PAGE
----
The direct and indirect effects of the caecal nematode Trichostrongylus tenuis on red grouse

P. J. Hudson, A. P. Dobson

Research output: Contribution to journalArticle

34 Citations (Scopus)

Abstract

Examines the population dynamics of Trichostrongylus tenuis, a parasite of moderate pathogenicity, that is lethal at high worm intensities but has a significant sublethal impact on the breeding production of red grouse Lagopus lagopus scoticus. Evidence is presented which supports the hypothesis that population cycles in red grouse are causd by reduced fecundity and survival through the delayed density-dependent effects of parasites and that these effects are sufficient to cause population cycles in grouse. Populations that did not show cycles carried lower levels of infection. While such effects do not preclude the action of other factors causing population cycles the evidence for other extrinsic factors or intrinsic changes in spacing behaviour is considered weak. -from Authors

Original languageEnglish (US)
Pages (from-to)49-68
Number of pages20
JournalUnknown Journal
StatePublished - Jan 1 1991

Fingerprint

population cycle
nematode
parasite
pathogenicity
fecundity
population dynamics
spacing
breeding
effect

All Science Journal Classification (ASJC) codes

  • Environmental Science(all)
  • Earth and Planetary Sciences(all)

Cite this

@article{cccfa4e04966439db3fd0a02bc03172b,
title = "The direct and indirect effects of the caecal nematode Trichostrongylus tenuis on red grouse",
abstract = "Examines the population dynamics of Trichostrongylus tenuis, a parasite of moderate pathogenicity, that is lethal at high worm intensities but has a significant sublethal impact on the breeding production of red grouse Lagopus lagopus scoticus. Evidence is presented which supports the hypothesis that population cycles in red grouse are causd by reduced fecundity and survival through the delayed density-dependent effects of parasites and that these effects are sufficient to cause population cycles in grouse. Populations that did not show cycles carried lower levels of infection. While such effects do not preclude the action of other factors causing population cycles the evidence for other extrinsic factors or intrinsic changes in spacing behaviour is considered weak. -from Authors",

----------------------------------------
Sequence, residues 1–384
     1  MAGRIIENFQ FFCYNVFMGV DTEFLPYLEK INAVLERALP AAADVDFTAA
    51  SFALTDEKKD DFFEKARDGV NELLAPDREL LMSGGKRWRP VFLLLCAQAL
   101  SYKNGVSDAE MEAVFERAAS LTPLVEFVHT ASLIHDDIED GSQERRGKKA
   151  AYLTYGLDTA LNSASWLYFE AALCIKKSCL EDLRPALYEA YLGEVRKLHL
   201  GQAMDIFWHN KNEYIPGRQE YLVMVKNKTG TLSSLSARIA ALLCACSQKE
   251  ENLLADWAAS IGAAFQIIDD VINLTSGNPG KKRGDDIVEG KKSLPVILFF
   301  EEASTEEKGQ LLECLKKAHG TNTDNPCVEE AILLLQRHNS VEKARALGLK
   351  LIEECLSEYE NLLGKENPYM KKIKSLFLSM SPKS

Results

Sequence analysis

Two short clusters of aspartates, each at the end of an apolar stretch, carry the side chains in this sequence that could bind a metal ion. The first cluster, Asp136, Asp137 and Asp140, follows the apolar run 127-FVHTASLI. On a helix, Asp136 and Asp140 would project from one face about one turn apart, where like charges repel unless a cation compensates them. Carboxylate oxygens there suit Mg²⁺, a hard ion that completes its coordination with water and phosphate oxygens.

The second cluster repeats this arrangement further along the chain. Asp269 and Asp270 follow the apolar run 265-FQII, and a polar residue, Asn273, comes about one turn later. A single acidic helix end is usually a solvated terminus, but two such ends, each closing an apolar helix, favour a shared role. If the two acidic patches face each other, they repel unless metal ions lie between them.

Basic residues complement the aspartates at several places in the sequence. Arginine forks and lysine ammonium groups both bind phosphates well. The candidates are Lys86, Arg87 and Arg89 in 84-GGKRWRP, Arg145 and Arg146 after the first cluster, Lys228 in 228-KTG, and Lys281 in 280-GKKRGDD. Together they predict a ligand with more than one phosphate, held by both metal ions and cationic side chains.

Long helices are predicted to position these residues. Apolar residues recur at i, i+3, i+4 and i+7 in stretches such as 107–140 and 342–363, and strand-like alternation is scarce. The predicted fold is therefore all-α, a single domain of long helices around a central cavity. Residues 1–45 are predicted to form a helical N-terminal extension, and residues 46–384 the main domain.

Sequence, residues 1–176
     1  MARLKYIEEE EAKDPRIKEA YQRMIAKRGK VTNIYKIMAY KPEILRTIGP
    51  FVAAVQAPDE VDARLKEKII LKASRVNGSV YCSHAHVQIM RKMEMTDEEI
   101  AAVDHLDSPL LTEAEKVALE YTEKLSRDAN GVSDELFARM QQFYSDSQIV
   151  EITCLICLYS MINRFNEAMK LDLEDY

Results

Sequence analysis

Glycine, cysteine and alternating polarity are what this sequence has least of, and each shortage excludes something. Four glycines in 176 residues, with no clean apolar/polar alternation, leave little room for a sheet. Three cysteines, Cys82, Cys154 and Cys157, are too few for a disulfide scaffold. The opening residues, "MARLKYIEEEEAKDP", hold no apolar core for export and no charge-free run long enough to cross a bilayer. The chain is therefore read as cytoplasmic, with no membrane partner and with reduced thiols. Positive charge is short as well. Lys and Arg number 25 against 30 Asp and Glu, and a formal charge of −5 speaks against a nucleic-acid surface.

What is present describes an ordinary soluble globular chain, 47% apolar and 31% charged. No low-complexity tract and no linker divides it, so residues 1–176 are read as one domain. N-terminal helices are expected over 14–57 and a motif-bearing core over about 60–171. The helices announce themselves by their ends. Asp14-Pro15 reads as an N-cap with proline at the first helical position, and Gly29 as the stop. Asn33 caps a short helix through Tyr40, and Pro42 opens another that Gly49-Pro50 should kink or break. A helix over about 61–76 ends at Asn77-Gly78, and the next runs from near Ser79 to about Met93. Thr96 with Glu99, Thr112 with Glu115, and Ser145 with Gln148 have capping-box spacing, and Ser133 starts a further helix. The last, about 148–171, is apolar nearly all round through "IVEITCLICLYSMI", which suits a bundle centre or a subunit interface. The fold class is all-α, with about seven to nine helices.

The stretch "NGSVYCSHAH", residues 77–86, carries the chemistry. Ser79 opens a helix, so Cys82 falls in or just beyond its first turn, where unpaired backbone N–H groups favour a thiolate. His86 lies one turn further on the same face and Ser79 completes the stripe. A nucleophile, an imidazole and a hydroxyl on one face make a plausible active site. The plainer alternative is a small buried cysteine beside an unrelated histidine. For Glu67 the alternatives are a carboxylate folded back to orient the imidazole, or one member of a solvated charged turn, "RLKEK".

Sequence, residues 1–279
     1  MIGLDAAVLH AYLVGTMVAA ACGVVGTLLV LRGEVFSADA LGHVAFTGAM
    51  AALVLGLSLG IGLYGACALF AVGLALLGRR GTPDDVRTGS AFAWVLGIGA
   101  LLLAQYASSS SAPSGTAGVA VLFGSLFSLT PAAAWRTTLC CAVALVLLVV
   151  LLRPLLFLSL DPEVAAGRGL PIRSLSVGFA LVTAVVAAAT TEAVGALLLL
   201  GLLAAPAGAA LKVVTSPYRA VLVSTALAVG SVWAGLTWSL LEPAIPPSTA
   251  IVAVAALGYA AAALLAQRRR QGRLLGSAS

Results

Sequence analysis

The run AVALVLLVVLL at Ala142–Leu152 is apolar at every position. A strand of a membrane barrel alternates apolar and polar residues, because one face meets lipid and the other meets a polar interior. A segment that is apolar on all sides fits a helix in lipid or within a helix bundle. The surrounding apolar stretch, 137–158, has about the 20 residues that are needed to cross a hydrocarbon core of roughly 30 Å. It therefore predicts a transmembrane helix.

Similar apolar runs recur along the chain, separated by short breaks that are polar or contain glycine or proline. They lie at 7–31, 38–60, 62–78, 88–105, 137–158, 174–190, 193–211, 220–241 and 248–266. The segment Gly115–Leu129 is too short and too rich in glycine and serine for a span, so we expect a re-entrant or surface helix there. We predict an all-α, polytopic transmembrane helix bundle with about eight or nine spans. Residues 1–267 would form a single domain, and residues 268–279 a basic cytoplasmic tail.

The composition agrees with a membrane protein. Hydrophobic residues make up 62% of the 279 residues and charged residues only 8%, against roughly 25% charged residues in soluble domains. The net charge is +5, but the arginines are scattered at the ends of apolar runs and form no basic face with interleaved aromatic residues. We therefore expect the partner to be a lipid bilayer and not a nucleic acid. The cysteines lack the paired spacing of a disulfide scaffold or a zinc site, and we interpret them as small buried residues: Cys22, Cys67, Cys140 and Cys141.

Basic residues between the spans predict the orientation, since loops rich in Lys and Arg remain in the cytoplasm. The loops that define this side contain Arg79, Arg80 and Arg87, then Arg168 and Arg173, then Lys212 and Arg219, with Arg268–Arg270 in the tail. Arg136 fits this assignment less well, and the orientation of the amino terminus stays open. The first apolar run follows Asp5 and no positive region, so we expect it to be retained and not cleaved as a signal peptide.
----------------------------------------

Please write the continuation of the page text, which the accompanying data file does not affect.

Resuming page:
author = "Hudson, {P. J.} and Dobson, {A. P.}",
year = "1991",
month = "1",
day = "1",
language = "English (US)",
pages = "49--68",
journal = "[No source information available]",
issn = "0042-1215",

}

The direct and indirect effects of the caecal nematode Trichostrongylus tenuis on red grouse. / Hudson, P. J.; Dobson, A. P.

In: Unknown Journal, 01.01.1991, p. 49-68.

Research output: Contribution to journalArticle

TY - JOUR

T1 - The direct and indirect effects of the caecal nematode Trichostrongylus tenuis on red grouse

AU - Hudson, P. J.

AU - Dobson, A. P.

PY - 1991/1/1

Y1 - 1991/1/1

N2 - Examines the population dynamics of Trichostrongylus tenuis, a parasite of moderate pathogenicity, that is lethal at high worm intensities but has a significant sublethal impact on the breeding production of red grouse Lagopus lagopus scoticus. Evidence is presented which supports the hypothesis that population cycles in red grouse are causd by reduced fecundity and survival through the delayed density-dependent effects of parasites and that these effects are sufficient to cause population cycles in grouse. Populations that did not show cycles carried lower levels of infection. While such effects do not preclude the action of other factors causing population cycles the evidence for other extrinsic factors or intrinsic changes in spacing behaviour is considered weak. -from Authors

AB - Examines the population dynamics of Trichostrongylus tenuis, a parasite of moderate pathogenicity, that is lethal at high worm intensities but has a significant sublethal impact on the breeding production of red grouse Lagopus lagopus scoticus. Evidence is presented which supports the hypothesis that population cycles in red grouse are causd by reduced fecundity and survival through the delayed density-dependent effects of parasites and that these effects are sufficient to cause population cycles in grouse. Populations that did not show cycles carried lower levels of infection. While such effects do not preclude the action of other factors causing population cycles the evidence for other extrinsic factors or intrinsic changes in spacing behaviour is considered weak. -from Authors

UR - http://www.scopus.com/inward/record.url?scp=0026313870&partnerID=8YFLogxK

UR - http://www.scopus.com/inward/citedby.url?scp=0026313870&partnerID=8YFLogxK

M3 - Article

AN - SCOPUS:0026313870

SP - 49

EP - 68

JO - [No source information available]

JF - [No source information available]

SN - 0042-1215

ER -